In the last week, I have been hired in two new Domestic Violence cases in Jefferson County. I watched two other DV cases while in court. In each case, the judges acted uniformly when I or another lawyer requested they modify the no-contact provisions of the protection order. The new rule? Don't even think about a modification to allow full contact with your alleged victim, unless thirty days have passed. Apparently, one-size-fits-all. Read Six Things to Know Before Pleading in a Domestic Violence Case.
Under C.R.S. 18-6-800.3, Domestic Violence crimes are serious, with far reaching consequences if found guilty. Here are six things anyone charged with Domestic Violence should know before taking a guilty plea in Denver or Arapahoe County, or anywhere in Colorado.
Colorado's Domestic Violence epidemic is not so much a reflection of our state's level of violence involving intimate partners, as it is the medling of our law makers and the Colorado Supreme Court. As a result, District Attorneys in Denver, Jefferson and Arapahoe County appear to be filing these cases in record numbers.
One Baltimore football player has singlehandedly increased Domestic Violence (C.R.S. 18-6-800.3) reports throughout the United States by 84%!. I find that remarkable. According to a Huffington Post article, the video, released by TMZ, of a popular running back hitting his girlfriend has created so much public outrage that Domestic Violence reports have gone from 500 to 600 calls per day to over 1,000 phone calls a day. This results in a tremendous expenditure of government resources across the U.S. and in Denver, Jefferson and Douglas County.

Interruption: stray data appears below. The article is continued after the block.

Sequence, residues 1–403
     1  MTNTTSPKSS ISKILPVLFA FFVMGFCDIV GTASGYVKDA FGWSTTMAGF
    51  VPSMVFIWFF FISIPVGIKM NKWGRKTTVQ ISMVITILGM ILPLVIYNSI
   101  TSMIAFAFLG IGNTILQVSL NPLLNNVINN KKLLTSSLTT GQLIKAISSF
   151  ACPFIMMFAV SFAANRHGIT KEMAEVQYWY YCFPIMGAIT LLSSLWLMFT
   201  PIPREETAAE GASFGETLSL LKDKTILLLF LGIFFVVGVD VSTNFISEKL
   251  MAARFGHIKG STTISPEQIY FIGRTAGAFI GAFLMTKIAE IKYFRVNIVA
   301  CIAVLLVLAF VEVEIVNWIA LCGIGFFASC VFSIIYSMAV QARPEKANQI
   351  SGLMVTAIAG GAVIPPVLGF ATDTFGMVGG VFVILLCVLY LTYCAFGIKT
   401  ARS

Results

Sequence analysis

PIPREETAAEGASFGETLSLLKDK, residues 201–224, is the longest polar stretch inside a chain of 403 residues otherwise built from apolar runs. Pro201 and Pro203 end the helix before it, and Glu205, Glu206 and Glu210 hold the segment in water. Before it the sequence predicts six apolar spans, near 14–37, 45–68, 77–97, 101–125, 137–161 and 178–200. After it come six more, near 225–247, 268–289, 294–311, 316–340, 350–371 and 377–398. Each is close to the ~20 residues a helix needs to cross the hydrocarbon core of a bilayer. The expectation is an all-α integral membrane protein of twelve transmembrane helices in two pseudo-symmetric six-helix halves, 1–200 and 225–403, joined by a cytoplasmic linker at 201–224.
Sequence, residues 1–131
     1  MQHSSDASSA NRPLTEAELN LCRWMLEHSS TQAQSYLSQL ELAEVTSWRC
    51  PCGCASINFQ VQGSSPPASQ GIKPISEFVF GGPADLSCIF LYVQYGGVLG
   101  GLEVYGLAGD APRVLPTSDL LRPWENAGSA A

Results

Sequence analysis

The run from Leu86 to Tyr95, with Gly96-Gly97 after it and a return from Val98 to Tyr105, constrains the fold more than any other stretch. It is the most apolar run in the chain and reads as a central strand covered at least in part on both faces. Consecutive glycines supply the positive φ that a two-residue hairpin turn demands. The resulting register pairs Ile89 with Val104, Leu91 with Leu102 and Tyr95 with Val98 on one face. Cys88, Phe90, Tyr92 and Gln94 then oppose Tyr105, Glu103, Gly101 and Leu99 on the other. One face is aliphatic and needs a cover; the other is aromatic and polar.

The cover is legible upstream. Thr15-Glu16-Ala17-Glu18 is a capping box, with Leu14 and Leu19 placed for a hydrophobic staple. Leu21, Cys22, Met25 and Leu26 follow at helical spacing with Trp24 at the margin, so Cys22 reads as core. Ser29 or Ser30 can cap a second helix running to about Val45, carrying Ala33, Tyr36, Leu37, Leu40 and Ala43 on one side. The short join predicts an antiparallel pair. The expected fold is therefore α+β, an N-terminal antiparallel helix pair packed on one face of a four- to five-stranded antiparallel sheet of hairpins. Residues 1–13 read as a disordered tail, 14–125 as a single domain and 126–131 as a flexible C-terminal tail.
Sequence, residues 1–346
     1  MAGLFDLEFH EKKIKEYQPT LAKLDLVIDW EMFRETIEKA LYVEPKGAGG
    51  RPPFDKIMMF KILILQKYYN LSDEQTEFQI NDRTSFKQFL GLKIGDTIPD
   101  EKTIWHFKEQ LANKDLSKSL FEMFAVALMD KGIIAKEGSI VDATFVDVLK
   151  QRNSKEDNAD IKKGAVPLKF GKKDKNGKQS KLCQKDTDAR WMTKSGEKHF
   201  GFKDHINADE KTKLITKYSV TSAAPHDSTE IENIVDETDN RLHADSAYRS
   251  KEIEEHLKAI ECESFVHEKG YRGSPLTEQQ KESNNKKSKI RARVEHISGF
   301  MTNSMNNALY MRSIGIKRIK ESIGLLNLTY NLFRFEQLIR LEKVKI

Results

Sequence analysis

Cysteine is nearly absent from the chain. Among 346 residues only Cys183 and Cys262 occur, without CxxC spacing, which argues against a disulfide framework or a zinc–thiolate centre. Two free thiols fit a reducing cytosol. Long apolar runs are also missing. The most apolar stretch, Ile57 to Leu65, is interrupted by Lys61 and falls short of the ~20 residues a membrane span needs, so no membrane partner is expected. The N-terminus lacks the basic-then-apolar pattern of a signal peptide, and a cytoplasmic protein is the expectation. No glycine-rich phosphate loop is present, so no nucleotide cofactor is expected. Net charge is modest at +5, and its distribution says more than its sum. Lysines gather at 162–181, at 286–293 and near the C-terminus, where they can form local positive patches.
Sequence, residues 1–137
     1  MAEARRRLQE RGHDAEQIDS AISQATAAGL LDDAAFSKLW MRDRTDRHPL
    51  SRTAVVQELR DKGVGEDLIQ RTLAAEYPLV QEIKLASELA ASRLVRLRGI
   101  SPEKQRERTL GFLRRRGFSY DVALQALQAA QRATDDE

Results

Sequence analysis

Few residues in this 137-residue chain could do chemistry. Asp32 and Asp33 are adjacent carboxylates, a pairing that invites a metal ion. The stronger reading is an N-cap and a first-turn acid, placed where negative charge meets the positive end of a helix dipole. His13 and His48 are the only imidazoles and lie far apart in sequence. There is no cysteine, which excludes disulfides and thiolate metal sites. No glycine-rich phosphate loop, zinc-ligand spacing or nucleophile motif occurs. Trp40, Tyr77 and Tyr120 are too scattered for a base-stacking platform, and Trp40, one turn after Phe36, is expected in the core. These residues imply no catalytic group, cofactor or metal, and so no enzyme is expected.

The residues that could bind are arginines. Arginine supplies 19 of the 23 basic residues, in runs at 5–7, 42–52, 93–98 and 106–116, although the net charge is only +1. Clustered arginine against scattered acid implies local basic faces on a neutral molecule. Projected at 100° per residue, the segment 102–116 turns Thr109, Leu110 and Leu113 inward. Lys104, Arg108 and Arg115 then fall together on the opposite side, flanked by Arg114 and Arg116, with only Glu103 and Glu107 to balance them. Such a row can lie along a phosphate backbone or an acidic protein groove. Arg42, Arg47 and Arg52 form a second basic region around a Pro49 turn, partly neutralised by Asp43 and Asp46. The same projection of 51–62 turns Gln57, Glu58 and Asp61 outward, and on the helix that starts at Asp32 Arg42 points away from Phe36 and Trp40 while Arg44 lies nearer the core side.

As crazy as it sounds, Domestic Violence charges in Douglas County and across Colorado, can be attached to any underlying crime, including Theft. Domestic Violence (DV) is not a criminal offense in and of itself. It is called a "sentence enhancer," and is located in Colorado law at C.R.S. 18-6-800.3. Here, the Colorado legislature has broadly written the law in order to enhance just about any crime involving two people who have been in an intimate relationship.
Domestic Violence (C.R.S. 18-6-800.3), is not one specific crime in Denver, Arapahoe, or Douglas County. It is a special designation assigned to any crime where there is an act of violence, or a threat, against a person who is or was in a special relationship with the perpetrator. Domestic Violence includes any crime committed against a person or property, when used to control, punish, intimidate, or get revenge against someone in a current or past intimate relationship. Consider the following example.
Am I the only one who sees the inconsistency with this special interest driven label? Basically said, our legislature is scared of being labeled as tolerant of violence by special interest groups, so they agreed to the extreme terms contained within our Colorado Domestic Violence law.
Domestic Violence (DV) is broadly defined across the state of Colorado and doesn't even actually require any act of "violence". While DV generally means "an act or threatened act of violence upon a person with whom the actor has been in an intimate relationship," it also applies to "any other crime against a person, property, or animal against a person with whom the actor has been involved in an intimate relationship." C.R.S. 18-6-800.3. In Boulder, Broomfield and Adams County, the practical affect is that if you are alleged to have committed a crime against a spouse, former spouse, or couple, then that crime will qualify as domestic violence.
Sometimes, I have a hard time imagining the rationale behind this crazy law for Domestic Violence in Denver, Arapahoe and Douglas County. Any crime can be Domestic Violence (DV). In fact, this label can be added to child abuse, animal cruelty and criminal mischief. While none of these crimes involve violence by pushing or shoving, hitting or slapping, they can all be DV.
We frequently see cases involving Domestic Violence in our practice and we've reminded you that any charge can have the DV label. Now, we want to alert you to a trend occuring in many Colorado Courts like those in Adams County and Broomfield County, which rushes criminal cases involving Domestic Violence allegations. The idea, called "Fast Track", is to bring people before a judge and DA quickly, before they can get a lawyer hired. This clever attempt to circumvent the U.S. Constitution's 6th Amendment right to counsel is dangerous to persons charged with crimes.